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BWW Review: 9 TO 5, King's Theatre, Glasgow

The Dolly Parton hit show comes to Glasgow

BWW Review: 9 TO 5, King's Theatre, Glasgow

BWW Review: 9 TO 5, King's Theatre, Glasgow On the day that Nicola Sturgeon announced home-working Scots could once again return to the office, theatre fans could tumble out of bed and stumble down to the King's Theatre Glasgow to catch 9 to 5, the first touring show to play there since Scottish venue capacities were relaxed last week.

The hit show featuring music and lyrics by Dolly Parton follows a grassroots fight for gender equality in a corporate workplace. It started life as a movie in 1978 and opened on Broadway in 2009.

9 to 5 first came to the UK as a touring production in 2012 and then enjoyed a West End revival in 2019 at the Savoy Theatre, a run sadly cut short by the COVID-19 pandemic. This second UK tour is based on the West End production.

There is no mistake which show you're seeing when you walk into the auditorium: centre stage sits a larger than life show title set-piece - perfect for a pre-curtain snap for posting on social media.

The show starts with a bang with the rousing title number, with the company enthusiastically delivering Lisa Steven's lively and swish choreography. Jeff Calhoun's direction ensures that the energy doesn't drop for a second.

It's very easy to fall in love with the trio of leading ladies: Claire Sweeney commands the stage as Violet Newstead, Vivian Panka is suitably endearing as innocent Judy Bernly, and Stephanie Chandos makes for a glamourous and explosive Doralee Rhodes - her performance garners one of the largest cheers and rounds of applause during a stand-off with one of the misogynistic male colleagues in the office where they all work.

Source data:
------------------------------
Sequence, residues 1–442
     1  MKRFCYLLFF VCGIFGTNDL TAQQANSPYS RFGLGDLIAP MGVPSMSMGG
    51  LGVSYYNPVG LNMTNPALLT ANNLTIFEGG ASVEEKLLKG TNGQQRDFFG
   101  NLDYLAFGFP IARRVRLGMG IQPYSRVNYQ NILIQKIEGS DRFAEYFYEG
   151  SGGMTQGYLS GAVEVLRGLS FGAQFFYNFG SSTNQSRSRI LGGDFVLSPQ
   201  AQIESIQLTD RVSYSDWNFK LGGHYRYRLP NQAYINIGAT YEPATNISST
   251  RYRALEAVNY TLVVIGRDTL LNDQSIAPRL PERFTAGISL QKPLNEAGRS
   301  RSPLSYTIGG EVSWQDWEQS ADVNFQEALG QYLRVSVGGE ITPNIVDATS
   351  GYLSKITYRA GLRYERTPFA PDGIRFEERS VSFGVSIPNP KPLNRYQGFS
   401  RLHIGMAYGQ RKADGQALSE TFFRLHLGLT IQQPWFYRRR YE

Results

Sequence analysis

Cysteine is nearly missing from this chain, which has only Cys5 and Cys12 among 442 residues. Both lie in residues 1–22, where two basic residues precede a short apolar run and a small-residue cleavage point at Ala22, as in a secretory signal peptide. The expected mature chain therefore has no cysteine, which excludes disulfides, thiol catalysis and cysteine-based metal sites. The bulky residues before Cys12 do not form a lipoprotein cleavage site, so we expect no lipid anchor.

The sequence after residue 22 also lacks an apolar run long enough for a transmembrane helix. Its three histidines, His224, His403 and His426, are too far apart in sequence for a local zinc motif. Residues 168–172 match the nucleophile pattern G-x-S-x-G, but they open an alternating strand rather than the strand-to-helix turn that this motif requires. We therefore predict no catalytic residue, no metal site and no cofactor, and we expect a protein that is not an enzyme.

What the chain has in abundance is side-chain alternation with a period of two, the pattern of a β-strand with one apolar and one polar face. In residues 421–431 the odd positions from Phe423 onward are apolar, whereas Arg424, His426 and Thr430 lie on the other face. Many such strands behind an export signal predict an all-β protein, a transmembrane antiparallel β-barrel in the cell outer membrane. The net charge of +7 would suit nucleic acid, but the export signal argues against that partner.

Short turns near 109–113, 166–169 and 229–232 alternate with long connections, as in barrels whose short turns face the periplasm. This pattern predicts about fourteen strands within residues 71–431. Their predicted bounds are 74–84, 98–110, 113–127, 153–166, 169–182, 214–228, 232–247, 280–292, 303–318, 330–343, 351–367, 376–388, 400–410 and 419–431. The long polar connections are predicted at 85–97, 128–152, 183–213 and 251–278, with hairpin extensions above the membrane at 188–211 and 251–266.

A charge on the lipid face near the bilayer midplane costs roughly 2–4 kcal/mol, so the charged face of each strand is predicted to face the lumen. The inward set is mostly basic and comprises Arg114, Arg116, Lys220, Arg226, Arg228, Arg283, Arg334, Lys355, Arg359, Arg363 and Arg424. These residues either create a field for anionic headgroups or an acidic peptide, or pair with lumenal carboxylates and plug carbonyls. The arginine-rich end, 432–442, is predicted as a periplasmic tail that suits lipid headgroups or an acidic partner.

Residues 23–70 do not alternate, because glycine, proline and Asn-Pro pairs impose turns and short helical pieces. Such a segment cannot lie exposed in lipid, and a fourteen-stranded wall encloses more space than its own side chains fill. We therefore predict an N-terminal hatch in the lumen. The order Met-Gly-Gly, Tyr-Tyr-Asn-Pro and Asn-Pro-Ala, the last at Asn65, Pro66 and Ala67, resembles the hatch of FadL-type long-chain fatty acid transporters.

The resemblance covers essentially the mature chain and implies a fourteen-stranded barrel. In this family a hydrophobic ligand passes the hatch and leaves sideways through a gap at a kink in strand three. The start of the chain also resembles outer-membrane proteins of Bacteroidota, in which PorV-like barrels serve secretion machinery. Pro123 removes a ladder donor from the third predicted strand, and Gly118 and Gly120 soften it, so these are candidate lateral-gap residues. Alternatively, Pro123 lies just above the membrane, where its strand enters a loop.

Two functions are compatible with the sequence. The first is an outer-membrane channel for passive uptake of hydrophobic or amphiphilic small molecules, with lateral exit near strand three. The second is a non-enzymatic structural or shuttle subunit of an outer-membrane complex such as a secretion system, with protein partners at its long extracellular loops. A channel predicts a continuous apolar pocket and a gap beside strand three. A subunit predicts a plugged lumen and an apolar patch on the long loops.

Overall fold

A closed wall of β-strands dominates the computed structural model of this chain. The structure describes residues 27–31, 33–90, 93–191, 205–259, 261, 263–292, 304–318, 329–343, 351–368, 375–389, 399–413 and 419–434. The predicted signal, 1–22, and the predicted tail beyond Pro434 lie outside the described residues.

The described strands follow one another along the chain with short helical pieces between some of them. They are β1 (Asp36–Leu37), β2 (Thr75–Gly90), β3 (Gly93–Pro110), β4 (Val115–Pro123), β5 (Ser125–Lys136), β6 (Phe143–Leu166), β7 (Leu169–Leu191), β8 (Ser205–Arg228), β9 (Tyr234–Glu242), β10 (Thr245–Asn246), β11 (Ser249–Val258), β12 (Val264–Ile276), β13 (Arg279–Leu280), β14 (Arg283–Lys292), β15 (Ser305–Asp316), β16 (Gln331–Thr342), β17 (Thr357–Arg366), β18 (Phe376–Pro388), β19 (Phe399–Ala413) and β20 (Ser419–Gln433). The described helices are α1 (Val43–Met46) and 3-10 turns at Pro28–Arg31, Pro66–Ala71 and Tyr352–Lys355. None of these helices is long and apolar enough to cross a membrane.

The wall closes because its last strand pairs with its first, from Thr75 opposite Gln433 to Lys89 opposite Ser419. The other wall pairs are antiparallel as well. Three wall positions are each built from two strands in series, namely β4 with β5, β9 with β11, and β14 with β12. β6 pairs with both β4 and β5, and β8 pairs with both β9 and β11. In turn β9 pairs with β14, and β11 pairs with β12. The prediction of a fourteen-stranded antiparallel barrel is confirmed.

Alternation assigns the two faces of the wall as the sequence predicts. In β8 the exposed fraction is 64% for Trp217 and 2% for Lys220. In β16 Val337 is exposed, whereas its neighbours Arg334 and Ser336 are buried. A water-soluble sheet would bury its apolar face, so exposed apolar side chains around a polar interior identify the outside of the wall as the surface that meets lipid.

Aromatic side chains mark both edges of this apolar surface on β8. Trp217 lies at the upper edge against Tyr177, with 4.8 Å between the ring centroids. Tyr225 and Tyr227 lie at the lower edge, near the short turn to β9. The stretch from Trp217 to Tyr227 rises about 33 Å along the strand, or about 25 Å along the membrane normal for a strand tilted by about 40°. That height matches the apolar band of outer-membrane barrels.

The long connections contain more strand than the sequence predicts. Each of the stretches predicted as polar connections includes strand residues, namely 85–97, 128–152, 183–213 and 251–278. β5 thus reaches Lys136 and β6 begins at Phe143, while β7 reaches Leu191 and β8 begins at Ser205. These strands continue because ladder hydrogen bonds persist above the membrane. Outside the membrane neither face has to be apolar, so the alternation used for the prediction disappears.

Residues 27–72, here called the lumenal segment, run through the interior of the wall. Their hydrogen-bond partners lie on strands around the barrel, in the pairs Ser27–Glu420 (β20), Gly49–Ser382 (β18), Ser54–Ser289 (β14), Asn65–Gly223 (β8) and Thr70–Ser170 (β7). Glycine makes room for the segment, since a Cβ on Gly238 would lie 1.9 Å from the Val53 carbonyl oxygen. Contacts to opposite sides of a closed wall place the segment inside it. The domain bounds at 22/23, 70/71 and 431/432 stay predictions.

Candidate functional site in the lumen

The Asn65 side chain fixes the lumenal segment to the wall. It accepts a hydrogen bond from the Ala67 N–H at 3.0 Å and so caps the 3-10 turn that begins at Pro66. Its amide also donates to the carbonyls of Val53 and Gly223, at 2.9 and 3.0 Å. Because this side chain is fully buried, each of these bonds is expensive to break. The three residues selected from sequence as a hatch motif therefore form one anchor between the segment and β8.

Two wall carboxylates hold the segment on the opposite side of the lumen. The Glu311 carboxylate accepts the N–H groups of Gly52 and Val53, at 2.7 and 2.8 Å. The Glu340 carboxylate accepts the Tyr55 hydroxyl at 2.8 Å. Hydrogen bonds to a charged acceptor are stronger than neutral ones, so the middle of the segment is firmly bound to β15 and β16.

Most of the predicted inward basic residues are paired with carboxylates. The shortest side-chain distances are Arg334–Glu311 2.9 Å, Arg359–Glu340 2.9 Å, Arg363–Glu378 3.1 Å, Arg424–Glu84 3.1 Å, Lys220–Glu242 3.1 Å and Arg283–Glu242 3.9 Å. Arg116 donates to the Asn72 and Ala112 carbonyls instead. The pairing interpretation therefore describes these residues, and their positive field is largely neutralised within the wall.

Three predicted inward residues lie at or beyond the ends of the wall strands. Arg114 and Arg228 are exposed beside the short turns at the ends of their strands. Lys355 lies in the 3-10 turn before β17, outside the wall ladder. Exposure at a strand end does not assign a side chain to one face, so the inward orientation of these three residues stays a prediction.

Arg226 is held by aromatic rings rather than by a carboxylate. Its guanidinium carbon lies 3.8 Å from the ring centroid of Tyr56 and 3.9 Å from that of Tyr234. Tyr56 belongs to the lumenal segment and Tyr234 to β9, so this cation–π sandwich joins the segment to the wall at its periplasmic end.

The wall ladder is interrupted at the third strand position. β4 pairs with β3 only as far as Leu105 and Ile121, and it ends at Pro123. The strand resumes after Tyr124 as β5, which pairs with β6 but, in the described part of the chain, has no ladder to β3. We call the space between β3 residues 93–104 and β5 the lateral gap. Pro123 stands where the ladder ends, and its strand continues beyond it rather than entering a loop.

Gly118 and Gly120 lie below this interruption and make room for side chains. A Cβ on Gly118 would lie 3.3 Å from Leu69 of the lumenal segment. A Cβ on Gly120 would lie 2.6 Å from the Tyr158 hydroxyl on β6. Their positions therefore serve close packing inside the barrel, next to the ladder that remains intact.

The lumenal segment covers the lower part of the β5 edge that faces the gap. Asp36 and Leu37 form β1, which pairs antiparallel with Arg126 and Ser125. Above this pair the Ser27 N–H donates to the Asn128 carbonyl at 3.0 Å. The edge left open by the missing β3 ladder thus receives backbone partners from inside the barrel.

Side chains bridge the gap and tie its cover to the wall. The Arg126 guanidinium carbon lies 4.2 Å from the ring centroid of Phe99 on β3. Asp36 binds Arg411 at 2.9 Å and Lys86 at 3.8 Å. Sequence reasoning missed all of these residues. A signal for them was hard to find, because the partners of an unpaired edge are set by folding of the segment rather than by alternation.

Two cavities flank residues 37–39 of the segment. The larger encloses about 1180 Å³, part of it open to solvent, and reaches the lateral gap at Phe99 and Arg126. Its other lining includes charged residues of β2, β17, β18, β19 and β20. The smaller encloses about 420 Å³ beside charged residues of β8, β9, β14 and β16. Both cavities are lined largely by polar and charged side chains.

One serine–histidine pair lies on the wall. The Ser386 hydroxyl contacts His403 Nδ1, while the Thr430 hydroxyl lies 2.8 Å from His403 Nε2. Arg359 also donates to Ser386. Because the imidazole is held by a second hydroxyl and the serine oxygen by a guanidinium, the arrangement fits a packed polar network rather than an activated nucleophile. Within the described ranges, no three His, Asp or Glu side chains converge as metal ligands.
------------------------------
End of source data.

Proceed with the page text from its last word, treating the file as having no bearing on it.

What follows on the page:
Sean Needham is suitably seedy and repulsive as the boss of Consolidated Industries, Franklin Hart Jnr, and Julia J Nagle steals many scenes as Roz Keith.

Dean McDermott leads the orchestra as Musical Director/Keys 1 player. The grooves are driving and instantly recognisable, it's just unfortunate that, on occasion, the toe-tapping music overpowers the vocals at this particular performance. That said, the King's Theatre was literally shaking during the show's finale as people rose to their feet to join in with the performers.

Howard Hudson's lighting design makes use of a seemingly endless tunnel of chunky computer monitors framing the stage, alternating between punchy '80s colourful hues with the music. Video design by Nina Dunn extends the PC tunnel, while also transporting us to the upper floors of a city skyscraper for other scenes.

Tom Rogers' design and Richard Mawbey's wig and hair design anchor the cast in the '80s with sharp shoulder pads, geometric patterns, and voluminous hair aplenty. Aside from the odd wobbly vase as set pieces move, well-thought-out pieces differentiate between office interiors, suburban homes and city rooftops.

Jukebox musicals usually include a bit of silliness requiring a stretch of the imagination when the book has been formed around pre-existing music, but Patricia Resnick has inserted plenty of gags, and a bit of heart, to keep the audience engaged between the Dolly Parton hits and the extremities of the plot.

While admirably "feminist" in its tone, the show could benefit from a slight tweak to include a more inclusive and intersectional narrative highlighting additional burdens experienced by women from other minority groups at the time.

During the show, Sweeney's character expresses the hope that we won't be talking about unequal pay in the workplace "in a decades' time", and the audience laughed, then understandably sighed. For a light-hearted reminder that we're not quite there yet, come on down to 9 to 5 at the King's Theatre for a joyous night out!

9 to 5 at the King's Theatre, Glasgow, until 29 January

Photo credit: Pamela Raith

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